Ans: A competent court must pronounce a marriage void. Children from a null marriage are treated as legitimate children. When a marriage is declared voidable, the children born as a result are considered to be illegitimate, but the Supreme Court has abolished this distinction, so no child can be referred to as illegitimate.

Q3. What is the rule of legitimacy?

Ans: A common definition of legitimacy in political science and sociology is the conviction that a law, institution, or leader has the authority to rule. An individual's assessment of the propriety of a hierarchy between a rule or ruler and the subject, as well as the subordinate's duties to the rule or ruler, is involved.

Q4. How does the Hindu Marriage Act provide for the legitimacy of children of voidable marriage?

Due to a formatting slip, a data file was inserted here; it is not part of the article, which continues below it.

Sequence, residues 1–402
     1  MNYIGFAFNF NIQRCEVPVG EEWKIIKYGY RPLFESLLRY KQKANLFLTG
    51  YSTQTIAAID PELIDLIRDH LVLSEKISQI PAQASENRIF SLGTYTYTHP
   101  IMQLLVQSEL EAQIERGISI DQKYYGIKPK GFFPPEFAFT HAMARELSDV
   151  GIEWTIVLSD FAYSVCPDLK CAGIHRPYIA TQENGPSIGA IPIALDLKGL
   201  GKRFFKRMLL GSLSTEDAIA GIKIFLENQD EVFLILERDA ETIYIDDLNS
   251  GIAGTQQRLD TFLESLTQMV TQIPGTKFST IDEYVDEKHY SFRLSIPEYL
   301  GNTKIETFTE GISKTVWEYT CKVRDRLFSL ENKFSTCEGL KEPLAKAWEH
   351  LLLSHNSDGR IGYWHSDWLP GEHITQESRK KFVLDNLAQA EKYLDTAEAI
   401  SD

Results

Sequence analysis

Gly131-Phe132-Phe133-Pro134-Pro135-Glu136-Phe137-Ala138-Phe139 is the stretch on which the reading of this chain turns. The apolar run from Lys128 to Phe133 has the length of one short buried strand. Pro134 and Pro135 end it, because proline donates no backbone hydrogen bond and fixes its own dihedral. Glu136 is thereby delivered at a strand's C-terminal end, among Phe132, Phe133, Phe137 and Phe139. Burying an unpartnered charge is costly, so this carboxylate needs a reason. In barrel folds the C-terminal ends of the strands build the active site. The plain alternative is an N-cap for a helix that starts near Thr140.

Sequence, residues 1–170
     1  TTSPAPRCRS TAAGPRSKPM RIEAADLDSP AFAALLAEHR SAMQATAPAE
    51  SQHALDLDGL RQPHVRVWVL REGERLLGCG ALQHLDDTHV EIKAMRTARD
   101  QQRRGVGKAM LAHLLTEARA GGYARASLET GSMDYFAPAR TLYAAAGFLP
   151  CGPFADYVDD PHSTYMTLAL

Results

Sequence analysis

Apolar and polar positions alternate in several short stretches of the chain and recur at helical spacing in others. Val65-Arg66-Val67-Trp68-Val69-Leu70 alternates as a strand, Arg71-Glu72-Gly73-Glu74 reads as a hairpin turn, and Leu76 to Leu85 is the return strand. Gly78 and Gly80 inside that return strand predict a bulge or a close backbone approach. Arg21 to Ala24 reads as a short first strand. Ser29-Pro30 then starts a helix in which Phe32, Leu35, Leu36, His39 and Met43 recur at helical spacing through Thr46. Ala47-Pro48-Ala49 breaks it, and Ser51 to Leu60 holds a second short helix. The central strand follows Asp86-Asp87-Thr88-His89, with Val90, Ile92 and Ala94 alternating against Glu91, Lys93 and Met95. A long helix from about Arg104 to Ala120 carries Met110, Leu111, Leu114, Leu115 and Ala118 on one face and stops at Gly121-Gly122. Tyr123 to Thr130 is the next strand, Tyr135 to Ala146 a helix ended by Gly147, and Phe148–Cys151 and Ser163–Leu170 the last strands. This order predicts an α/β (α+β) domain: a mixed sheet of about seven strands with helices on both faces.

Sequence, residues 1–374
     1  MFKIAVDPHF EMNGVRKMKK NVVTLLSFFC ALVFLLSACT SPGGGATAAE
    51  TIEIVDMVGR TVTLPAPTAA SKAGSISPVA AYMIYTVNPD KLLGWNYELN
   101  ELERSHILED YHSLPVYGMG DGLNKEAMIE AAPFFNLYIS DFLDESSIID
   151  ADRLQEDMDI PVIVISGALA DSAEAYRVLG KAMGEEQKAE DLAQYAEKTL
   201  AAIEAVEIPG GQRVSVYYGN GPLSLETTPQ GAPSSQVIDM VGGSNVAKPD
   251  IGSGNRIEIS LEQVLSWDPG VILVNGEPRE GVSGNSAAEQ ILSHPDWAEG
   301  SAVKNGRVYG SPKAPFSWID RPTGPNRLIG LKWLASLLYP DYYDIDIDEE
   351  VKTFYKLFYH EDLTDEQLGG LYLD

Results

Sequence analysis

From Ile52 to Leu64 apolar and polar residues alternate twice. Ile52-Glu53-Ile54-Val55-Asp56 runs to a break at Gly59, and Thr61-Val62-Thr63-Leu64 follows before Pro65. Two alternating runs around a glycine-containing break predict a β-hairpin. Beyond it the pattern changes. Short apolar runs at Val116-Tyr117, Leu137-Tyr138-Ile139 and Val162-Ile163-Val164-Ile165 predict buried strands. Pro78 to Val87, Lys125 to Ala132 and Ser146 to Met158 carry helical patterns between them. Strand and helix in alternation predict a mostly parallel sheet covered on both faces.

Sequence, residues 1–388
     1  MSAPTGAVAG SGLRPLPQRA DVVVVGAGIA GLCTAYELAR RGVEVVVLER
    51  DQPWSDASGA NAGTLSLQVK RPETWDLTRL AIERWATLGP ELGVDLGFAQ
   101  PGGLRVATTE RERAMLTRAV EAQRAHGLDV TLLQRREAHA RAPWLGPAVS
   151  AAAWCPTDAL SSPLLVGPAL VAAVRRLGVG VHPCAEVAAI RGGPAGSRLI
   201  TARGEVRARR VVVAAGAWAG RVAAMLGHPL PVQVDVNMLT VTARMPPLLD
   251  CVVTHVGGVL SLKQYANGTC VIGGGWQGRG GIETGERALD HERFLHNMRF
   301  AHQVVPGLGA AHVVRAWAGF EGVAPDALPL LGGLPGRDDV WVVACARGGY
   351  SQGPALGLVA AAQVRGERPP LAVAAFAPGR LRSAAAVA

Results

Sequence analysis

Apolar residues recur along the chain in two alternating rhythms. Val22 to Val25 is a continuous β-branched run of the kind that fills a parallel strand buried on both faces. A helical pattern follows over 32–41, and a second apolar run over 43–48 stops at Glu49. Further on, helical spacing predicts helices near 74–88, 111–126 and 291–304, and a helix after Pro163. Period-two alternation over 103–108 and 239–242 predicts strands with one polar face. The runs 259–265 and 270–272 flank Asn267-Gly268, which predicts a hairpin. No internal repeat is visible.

Ans: A void marriage is distinguished from one that is voidable by the Hindu Marriage Act of 1955. According to Section 16 of the Act, children of all null and voidable marriages are considered legitimate but only have the right to inherit their parents' property not the ancestral property.

Q5. Are children born out of void marriage legitimate?

Ans: Yes. Additionally, according to the Bench, a child born from a void or voidable marriage is recognized as a legitimate child under both the Special Marriage Act and the Hindu Marriage Act, which is a personal law for Hindus.

Updated on: 16-Jan-2023